U.S. attack less dependent on Jozy Altidore than it was a year ago
FOXBOROUGH, Mass. -- When Jozy Altidore went down with a hamstring injury at last summer's World Cup, the lack of a suitable replacement created a domino effect that was felt throughout the entire U.S. team.
Clint Dempsey was shoehorned into the target forward role; Michael Bradley moved higher up, too. The Americans still advanced in Brazil, but it's impossible to know how much better they might have been with Altidore in the lineup.
Fast forward 13 months to the ongoing Gold Cup, in which the U.S. once again has a conundrum up front without a fully fit Altidore. The Toronto FC man is struggling to regain his form following another hamstring strain and was pulled just 45 ineffective minutes into the Yanks' 1-0, Group A-clinching win over Haiti here on Friday night.
There's still no like-for-like stand-in for Altidore. Yet Jurgen Klinsmann's team is in a better position this time around, thanks to the presence of Aron Johannsson and Gyasi Zardes, who replaced Altidore against the Haitians and made an immediate impact by setting up Dempsey's winner less than two minutes after coming on.
"[Friday night] showed that a guy like Gyasi can come in and do just as good if not better," Altidore said post-match. "That shows the depth we have on the team, and a lot of guys can step up. You see guys like Gyasi, like Aron, who have been waiting and doing everything right, and we see that they can bring something different to the team, something positive that we don't have. It's important to have options."
The insertion of Zardes added an element of danger to the U.S. front line.
"He brings energy," captain Michael Bradley said. "He brings mobility. He's dynamic."
Johannsson, meantime, was at the World Cup and replaced Altidore when he pulled up lame in the first half of the Americans' first game. But he was slowed by an ankle injury and didn't play again at the tournament, after which he required surgery.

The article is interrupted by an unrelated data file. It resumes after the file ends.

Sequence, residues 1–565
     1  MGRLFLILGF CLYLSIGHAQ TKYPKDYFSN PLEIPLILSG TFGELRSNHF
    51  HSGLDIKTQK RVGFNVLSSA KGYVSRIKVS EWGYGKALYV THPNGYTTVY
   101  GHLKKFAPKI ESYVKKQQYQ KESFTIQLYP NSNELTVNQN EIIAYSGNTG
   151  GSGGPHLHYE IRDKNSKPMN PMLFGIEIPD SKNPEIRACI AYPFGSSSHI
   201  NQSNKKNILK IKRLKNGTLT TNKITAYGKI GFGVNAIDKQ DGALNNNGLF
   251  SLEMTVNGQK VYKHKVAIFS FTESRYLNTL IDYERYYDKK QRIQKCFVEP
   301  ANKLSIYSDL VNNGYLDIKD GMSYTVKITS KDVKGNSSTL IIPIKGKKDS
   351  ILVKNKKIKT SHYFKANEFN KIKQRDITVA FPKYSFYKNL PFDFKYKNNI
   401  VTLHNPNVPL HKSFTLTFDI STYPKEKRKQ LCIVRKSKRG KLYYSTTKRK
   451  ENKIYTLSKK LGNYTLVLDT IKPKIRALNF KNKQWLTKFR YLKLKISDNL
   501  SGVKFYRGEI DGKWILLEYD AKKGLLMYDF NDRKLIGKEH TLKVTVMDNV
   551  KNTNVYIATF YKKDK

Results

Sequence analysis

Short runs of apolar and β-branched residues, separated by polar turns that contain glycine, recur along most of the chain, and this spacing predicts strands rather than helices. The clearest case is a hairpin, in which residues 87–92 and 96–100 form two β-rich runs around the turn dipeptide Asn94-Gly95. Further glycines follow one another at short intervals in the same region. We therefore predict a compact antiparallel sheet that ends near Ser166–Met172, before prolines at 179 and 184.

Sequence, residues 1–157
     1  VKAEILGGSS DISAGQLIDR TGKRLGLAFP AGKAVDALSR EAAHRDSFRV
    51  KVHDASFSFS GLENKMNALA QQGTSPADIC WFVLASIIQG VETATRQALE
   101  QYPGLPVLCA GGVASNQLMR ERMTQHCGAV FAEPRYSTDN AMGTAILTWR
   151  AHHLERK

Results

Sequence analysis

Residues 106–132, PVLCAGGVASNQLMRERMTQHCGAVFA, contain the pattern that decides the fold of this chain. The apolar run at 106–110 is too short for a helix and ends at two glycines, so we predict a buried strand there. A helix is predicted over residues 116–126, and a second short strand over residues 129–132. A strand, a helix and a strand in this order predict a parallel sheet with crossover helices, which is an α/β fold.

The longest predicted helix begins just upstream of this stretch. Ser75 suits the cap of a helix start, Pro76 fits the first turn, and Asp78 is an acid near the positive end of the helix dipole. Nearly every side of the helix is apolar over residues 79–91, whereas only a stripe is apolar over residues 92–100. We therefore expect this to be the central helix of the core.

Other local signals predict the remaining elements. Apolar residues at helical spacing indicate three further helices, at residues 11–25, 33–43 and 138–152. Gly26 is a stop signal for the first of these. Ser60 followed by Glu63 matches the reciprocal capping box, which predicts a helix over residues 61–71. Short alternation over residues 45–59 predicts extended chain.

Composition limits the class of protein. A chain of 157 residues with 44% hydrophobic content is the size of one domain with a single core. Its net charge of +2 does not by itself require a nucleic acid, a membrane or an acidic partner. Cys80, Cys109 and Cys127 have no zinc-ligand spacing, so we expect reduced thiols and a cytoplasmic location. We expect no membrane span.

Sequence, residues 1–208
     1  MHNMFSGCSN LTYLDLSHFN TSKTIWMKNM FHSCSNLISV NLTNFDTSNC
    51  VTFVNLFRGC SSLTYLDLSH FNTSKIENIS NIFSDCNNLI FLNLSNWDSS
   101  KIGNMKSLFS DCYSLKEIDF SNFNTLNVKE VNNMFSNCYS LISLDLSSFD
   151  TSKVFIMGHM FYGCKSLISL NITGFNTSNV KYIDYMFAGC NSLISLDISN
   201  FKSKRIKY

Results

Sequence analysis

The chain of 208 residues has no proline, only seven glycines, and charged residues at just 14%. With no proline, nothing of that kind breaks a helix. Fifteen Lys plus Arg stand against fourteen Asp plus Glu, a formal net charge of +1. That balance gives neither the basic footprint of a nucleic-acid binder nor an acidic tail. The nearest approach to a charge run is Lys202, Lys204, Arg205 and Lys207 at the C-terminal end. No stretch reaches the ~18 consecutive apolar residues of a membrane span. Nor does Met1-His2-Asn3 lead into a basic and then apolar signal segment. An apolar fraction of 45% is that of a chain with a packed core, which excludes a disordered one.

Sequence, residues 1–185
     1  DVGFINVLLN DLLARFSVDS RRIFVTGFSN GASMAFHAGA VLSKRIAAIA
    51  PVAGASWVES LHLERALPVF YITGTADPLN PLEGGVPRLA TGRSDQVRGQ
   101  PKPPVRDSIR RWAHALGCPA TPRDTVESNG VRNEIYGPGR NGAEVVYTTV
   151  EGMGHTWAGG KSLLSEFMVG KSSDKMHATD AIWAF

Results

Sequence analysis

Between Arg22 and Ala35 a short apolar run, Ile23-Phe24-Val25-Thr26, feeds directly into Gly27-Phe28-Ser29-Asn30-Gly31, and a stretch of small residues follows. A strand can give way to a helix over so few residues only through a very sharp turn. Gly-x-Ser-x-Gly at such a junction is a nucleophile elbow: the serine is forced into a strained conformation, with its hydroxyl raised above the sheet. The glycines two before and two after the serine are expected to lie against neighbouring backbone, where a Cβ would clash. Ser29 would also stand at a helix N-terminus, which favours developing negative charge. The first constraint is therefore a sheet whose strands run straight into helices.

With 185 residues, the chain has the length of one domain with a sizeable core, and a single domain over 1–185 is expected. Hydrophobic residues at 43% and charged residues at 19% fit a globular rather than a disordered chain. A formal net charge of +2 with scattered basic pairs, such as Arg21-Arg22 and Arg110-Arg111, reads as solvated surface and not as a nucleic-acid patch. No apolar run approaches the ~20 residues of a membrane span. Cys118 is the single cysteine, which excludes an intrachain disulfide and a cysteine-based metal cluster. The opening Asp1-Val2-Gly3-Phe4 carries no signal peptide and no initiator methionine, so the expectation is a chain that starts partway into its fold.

Now Johannsson is healthy. And he would've had a goal against the Haitians, if not for an offside call that replays revealed was incorrect.
"Sometimes this happens," said Johannsson, who, like the rest of the squad's European- and Mexican-based players, is still finding his feet after being idle since early June.
"I wish I could count that one -- it's good to score a goal but when it doesn't count, it doesn't count. Hopefully in the next couple games I get some goals."
His team could certainly use them. Despite having six points and a spot in next weekend's quarterfinal in Baltimore, the U.S. hasn't created many chances through two games. Dempsey has all three goals.
Still, there is reason for optimism because of how Zardes is growing into a difference-maker at the international level. After being deployed on the wing in the opener against Honduras, Zardes played higher up the field on Friday. When Johannsson was substituted in the 83rd minute, he led the line -- the same spot he plays for the MLS champion LA Galaxy.
"I love playing up top," he said. "But playing out wide, I love that as well, just trying to be an attacking threat. That's what I'm really trying to accomplish."
What the U.S. wants to do -- besides defend its regional title -- is improve.
Klinsmann has taken a few risks so far: starting inexperienced center-back Ventura Alvarado in the first match, switching out seven starters -- including his entire back four -- in the second. Both Honduras and Haiti pushed the U.S. hard.
"Big compliment, huge compliment to Haiti how they played -- it was a very intense game that could have changed in any second," Klinsmann said. "I think every player now knows how tricky and how difficult these game are." That's not to say he was thrilled with the performance.
"As you saw, there was still stuff that was not so good," he said. "So we keep working on that."
Without Dempsey and keeper Brad Guzan -- who came up with a big save early in the second half to preserve the narrow lead for his side -- who knows where the U.S. would be. Dempsey's quality in front of goal is the main reason that Monday's first-round finale against Panama in Kansas City is inconsequential for the U.S. in terms of the result.
But it's far from meaningless. The Americans will have to be far sharper in the attacking third in the knockout stage, especially with an excellent Costa Rica team potentially looming in the semifinals.
Klinsmann said that he'll continue trying to get Altidore up to speed and insisted that the 25-year-old will be able to make an impact later in the competition. But the manager also made it clear that he'll lean on his other forwards -- a group that also includes World Cup veteran Chris Wondolowski -- too.
"That's what we need from our strikers, we need them to push the other ones," Klinsmann said. "It's good to know that if Jozy is not there yet, we have Aron and Wondo that can get the job done as well, and Gyasi always as an option to put him up front. It's good for us."
It's also a nice change from a year ago.
Doug McIntyre is a staff writer for ESPN The Magazine and ESPN FC. Follow him on Twitter @DougMacESPN.